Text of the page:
Stratosphere With Dirk Serries: In A Place Of Mutual Understanding

Were a listener presented with In a Place of Mutual Understanding without being told the artist responsible for it, there's a strong chance said listener would identify it as a release by Dirk Serries, whether issued under his real name or an alias such as FearFallsBurning or Tonefloat: Ikon. In fact, the forty-three-minute release does involve Serries, though it's formally credited to Stratosphere with Dirk Serries. That the two share a special bond is borne out by the fact that Ronald Mariën (aka Stratosphere) is Serries' long-time sound technician, so it makes some kind of natural sense that the album, Mariën's follow-up to his 2012 Stratosphere album Dreamscape on Basses Frequences, sounds as it does and hews closely to the style associated with the Tonefloat imprint. Created using guitar, bass guitar, and pedal effects, Mariën's harmonious Stratosphere soundscapes are stylistically close in spirit to Serries' own.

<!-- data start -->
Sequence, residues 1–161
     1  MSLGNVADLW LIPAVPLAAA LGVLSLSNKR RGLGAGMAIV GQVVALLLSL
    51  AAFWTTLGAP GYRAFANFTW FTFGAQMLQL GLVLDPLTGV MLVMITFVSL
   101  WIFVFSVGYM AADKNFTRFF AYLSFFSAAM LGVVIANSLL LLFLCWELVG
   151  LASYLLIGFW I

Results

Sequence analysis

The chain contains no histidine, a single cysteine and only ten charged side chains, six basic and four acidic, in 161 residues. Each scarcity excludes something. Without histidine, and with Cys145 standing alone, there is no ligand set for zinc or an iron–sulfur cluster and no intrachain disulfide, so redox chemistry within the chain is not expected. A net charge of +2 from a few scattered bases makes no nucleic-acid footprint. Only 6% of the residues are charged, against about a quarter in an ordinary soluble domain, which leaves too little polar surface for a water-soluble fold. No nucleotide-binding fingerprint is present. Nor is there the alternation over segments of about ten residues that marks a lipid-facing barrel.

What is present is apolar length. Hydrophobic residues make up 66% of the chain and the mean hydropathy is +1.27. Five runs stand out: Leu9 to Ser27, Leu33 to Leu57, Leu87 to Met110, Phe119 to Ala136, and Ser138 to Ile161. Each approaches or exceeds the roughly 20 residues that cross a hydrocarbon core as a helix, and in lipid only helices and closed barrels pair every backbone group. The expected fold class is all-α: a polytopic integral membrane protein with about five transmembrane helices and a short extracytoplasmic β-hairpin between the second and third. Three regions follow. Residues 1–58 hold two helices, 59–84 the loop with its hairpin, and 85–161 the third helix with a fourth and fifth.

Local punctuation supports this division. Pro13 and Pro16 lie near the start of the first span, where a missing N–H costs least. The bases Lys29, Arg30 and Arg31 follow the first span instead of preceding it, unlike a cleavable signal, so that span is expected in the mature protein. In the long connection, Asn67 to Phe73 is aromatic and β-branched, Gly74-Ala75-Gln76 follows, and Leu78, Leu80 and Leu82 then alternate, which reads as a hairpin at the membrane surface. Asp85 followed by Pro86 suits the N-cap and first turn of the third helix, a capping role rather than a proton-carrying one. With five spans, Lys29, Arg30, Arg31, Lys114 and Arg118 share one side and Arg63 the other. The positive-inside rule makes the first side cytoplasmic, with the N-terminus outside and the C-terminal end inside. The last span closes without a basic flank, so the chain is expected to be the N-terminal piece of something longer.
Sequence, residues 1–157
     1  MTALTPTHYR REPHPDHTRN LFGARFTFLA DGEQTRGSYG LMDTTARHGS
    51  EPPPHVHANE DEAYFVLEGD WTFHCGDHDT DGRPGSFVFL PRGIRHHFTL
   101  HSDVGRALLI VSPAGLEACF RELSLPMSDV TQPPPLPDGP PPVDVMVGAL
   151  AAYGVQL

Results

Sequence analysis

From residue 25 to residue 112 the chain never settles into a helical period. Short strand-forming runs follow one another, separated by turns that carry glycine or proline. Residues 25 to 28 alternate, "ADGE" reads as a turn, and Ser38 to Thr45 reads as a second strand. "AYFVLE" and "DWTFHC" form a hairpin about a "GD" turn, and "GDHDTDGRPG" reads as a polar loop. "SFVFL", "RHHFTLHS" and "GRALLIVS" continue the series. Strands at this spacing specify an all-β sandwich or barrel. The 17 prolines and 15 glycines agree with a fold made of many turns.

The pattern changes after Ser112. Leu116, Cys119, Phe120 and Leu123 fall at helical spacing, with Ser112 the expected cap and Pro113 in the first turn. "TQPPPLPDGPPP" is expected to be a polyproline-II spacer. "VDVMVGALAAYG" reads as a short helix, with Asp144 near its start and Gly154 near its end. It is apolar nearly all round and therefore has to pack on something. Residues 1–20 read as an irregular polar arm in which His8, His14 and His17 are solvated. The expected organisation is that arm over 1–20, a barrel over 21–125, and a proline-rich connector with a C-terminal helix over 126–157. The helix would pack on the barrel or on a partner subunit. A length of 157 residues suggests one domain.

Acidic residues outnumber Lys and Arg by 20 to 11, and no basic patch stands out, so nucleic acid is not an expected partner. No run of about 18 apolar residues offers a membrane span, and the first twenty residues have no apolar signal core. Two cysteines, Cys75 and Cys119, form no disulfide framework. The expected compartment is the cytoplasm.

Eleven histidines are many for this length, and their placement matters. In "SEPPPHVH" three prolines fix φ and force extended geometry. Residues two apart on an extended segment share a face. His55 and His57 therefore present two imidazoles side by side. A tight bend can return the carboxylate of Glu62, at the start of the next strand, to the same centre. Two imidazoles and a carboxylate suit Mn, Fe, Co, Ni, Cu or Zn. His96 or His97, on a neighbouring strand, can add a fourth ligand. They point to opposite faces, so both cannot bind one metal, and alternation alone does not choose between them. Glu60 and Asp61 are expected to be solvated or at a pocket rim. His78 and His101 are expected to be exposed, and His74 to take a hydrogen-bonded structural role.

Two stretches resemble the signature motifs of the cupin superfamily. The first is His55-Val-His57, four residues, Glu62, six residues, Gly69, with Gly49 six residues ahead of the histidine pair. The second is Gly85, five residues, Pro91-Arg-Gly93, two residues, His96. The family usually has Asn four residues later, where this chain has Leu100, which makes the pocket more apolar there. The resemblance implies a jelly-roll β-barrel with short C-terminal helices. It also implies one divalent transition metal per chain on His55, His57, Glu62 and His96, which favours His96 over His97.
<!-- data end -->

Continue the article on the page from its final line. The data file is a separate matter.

Details of authorship aside, the album presents four settings, three in the seven-minute range and one almost twenty minutes in length. While the content as a whole is excellent, it's the longest one, “Dawn Will Reveal Itself,” a textbook example of guitar-generated soundsculpting, that's especially memorable. In this tour de force, Mariën and Serries slowly layer shimmering guitar- and bass-generated tones and washes until they become a towering yet peaceful and even uplifting choir. Elsewhere, “Distance” affectingly plumbs the depths of sadness, while “Confront the Reflection, Then Shatter the Mirror!” assumes an even stronger epic quality when Martina Verhoeven adds ethereal vocalizing to the droning stormcloud. Admittedly, it's not the first time we've heard such material, but In a Place of Mutual Understanding nevertheless presents exceptionally beautiful examples of sustained moodscaping.

November 2013